Misrata, Libya – It has been more than a year since renegade general Khalifa Haftar launched his military campaign to capture the capital Tripoli. Now the commander is scrambling to maintain control of his eastern stronghold.
The dramatic turn of events can be attributed to one major development: support from Turkey’s military, particularly its drone force that has successfully pushed back Haftar’s self-styled Libyan National Army (LNA) from Libya’s skies.
Haftar was portrayed by his allies as a strongman who could bring stability to Libya, a country engulfed in chaos since the revolution that toppled Muammar Gaddafi in 2011.
After successfully taking control of eastern Libya, Haftar was courted across European and Middle Eastern capitals as an integral partner for any political solution to the Libyan conflict.
Emboldened by support from the United Arab Emirates (UAE), Egypt, Russia and France, Haftar made his move to take Tripoli on April 4, 2019, weeks before a UN-sponsored peace conference, and while Secretary-General Antonio Guterres made an official visit to the country. Guterres urged Haftar to pull back, but the eastern commander ignored the request after receiving what he perceived to be an American green light.
News reports emerged of then-US National Security Adviser John Bolton telling Haftar in a phone call “If you are going to attack, do it quickly” were widely circulated.
Supported militarily and promoted politically by his allies, many believed Haftar’s attack on the capital would achieve its goal in days. His successful bid to seize control of the coastal cities of Sabratha and Surman, west of Tripoli, as well as the strategic city of Gharyan to the south further cemented those beliefs.
However, forces loyal to the internationally recognised Government of National Accord (GNA) mobilised and halted Haftar’s advance on Tripoli’s southern outskirts.
Adam Alburki was one of the thousands who came from Misrata, 210km (115 miles) east of the capital, to join the fight against Haftar.
“We fought and sacrificed our brothers and friends to bring down a dictator in 2011. We will not allow Haftar to enter Tripoli and turn Libya back to a military state. I will die before I let that happen,” he told Al Jazeera.
Alburki was wounded in battle in November of last year. After receiving treatment in Italy, he returned to continue the fight against Haftar’s troops. He said there has been a visible change in recent weeks because of the shift in air supremacy in favour of the GNA.
“We used to be afraid of air strikes by the UAE’s drones. It stopped us from making any significant counter-offensives because they were extremely accurate,” said Alburki.
Despite having air superiority over the Libyan skies for nearly a year, mostly because of UAE-purchased Chinese drones, Haftar’s forces became bogged down in southern Tripoli and are now on the retreat, having lost the city of Gharyan in June last year.
Nearly four months after a mandate by Turkey’s parliament to execute a security and maritime agreement signed by the GNA and Ankara, a direct impact is being witnessed on the ground in Libya.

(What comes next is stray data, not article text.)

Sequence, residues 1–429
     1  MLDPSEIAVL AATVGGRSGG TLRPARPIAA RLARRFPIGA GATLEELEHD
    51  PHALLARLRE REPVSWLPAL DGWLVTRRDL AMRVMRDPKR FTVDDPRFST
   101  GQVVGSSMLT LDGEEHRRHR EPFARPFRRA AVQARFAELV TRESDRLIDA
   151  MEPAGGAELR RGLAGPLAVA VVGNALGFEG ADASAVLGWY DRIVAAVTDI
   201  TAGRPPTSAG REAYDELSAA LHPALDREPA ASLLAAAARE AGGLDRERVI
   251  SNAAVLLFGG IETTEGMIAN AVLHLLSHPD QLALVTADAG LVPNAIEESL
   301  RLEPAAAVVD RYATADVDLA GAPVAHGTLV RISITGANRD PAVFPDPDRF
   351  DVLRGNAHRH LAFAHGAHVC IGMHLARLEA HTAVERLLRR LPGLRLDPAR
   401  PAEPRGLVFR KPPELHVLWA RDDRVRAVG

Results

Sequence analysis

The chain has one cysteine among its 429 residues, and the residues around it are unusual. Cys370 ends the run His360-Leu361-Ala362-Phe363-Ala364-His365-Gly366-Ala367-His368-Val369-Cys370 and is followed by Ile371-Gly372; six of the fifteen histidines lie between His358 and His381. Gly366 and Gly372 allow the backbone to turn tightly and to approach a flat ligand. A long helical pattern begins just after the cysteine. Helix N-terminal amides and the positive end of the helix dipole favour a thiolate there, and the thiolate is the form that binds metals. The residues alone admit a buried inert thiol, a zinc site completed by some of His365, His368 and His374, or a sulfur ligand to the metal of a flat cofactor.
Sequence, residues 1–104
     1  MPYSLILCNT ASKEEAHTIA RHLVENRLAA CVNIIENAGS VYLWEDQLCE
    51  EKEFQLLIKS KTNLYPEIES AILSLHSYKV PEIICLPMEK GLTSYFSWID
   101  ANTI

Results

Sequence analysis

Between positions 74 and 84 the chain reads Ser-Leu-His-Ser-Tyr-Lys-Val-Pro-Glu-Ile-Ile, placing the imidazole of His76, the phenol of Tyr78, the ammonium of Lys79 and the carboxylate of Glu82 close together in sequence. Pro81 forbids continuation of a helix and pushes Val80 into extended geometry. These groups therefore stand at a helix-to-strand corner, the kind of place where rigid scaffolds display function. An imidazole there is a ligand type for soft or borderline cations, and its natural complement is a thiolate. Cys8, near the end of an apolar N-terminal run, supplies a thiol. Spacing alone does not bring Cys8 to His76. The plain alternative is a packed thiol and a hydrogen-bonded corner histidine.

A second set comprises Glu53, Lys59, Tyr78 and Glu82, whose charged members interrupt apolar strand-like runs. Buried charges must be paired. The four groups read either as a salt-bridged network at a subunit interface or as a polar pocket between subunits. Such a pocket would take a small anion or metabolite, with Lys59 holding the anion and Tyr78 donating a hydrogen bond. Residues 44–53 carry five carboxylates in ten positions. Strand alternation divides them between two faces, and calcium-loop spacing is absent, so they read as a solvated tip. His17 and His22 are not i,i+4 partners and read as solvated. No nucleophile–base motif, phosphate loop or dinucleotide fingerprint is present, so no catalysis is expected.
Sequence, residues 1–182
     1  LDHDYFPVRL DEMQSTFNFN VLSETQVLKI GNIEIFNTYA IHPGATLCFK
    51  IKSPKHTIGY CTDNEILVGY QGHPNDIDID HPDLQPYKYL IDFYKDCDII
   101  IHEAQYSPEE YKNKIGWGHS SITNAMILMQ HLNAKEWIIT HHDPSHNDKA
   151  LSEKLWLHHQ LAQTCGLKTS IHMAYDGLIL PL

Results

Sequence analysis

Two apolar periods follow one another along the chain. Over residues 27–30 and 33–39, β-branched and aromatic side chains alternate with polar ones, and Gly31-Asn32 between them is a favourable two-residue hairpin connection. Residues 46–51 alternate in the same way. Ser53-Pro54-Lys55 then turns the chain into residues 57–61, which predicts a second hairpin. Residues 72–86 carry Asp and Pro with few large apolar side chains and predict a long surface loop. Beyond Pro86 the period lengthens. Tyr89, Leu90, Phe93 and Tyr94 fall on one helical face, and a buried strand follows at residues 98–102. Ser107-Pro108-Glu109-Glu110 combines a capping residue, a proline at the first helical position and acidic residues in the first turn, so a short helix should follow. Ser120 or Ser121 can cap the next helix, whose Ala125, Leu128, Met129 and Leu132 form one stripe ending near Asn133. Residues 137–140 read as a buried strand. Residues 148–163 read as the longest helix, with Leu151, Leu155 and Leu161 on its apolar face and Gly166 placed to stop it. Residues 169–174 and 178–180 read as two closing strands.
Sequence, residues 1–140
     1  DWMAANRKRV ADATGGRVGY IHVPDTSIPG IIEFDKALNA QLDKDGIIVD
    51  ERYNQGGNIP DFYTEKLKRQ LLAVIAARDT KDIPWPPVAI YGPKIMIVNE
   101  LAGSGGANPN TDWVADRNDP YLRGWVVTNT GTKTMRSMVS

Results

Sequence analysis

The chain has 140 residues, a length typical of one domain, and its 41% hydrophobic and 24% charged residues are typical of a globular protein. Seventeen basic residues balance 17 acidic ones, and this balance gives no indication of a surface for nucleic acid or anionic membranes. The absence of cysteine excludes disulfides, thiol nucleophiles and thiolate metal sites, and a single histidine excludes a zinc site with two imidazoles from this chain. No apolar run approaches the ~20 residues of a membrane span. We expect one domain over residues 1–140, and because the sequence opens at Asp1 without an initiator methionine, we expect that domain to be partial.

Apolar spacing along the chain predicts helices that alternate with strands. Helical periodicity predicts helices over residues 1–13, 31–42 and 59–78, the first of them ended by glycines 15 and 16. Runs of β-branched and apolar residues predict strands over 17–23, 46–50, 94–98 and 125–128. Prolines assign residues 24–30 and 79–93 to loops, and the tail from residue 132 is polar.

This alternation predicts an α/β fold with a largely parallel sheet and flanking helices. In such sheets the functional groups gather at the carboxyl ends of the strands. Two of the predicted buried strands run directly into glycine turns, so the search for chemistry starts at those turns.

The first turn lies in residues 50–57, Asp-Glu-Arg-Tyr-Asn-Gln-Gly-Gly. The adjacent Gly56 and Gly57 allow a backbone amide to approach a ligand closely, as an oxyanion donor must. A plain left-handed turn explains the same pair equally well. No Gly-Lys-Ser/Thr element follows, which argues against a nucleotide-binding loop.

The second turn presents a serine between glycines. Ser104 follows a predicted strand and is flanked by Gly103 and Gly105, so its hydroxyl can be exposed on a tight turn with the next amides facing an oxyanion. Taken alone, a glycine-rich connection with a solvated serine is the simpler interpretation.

“After this agreement, the Turks began to build up the military force of the GNA to create a balance. The GNA force that is present today is much different in their capabilities, planning, and strategy than before,” Mohamed Buisier, a Libyan political researcher based in Dallas, Texas, and a former adviser to Haftar, told Al Jazeera.
While the GNA and LNA both welcomed international calls for a ceasefire so health officials could focus on combatting a possible coronavirus outbreak, continued LNA shelling of Tripoli prompted the GNA to launch a military operation at the end of March.
“Orders were issued to respond forcefully to repeated terrorist attacks on civilians. We are a legitimate, civilian government that respects its obligations to the international community, but is committed before that towards its people and it has an obligation to protect them,” the head of the GNA, Fayez al-Sarraj, said in a statement.
Since the launch of the offensive, a significant rise in GNA air attacks has occurred across all fronts, with Turkish drones relentlessly targeting Haftar’s critical supply lines to his ground forces.
On April 14, GNA forces with air cover recaptured several western coastal cities – including Sabratha and Surman – within hours, dramatically changing the situation on the ground.
The GNA now has control of the entire western coast, stretching from Tunisia to the city of Abu Grein, about 500km (220 miles) to the east.
The GNA also began an offensive against Haftar’s largest stronghold in western Libya, the city of Tarhouna.
Tarhouna – 70km (30 miles) southeast of Tripoli – is Haftar’s command centre for his westward advance, as well as being a critical supply hub for his forces. GNA troops have been on the outskirts of Tarhouna and launching attacks for nearly two weeks.
Turkey’s military support has shifted the tide in fighting, noted Buisier.
“It is becoming clear that Haftar’s advance on Tripoli has failed. He is now politically and militarily trying to maintain his position in eastern Libya,” he said.
“Many say there is no military solution to the Libya conflict, only a political one. I agree – but we must also say there is no political solution without removing Haftar from the Libyan scene.”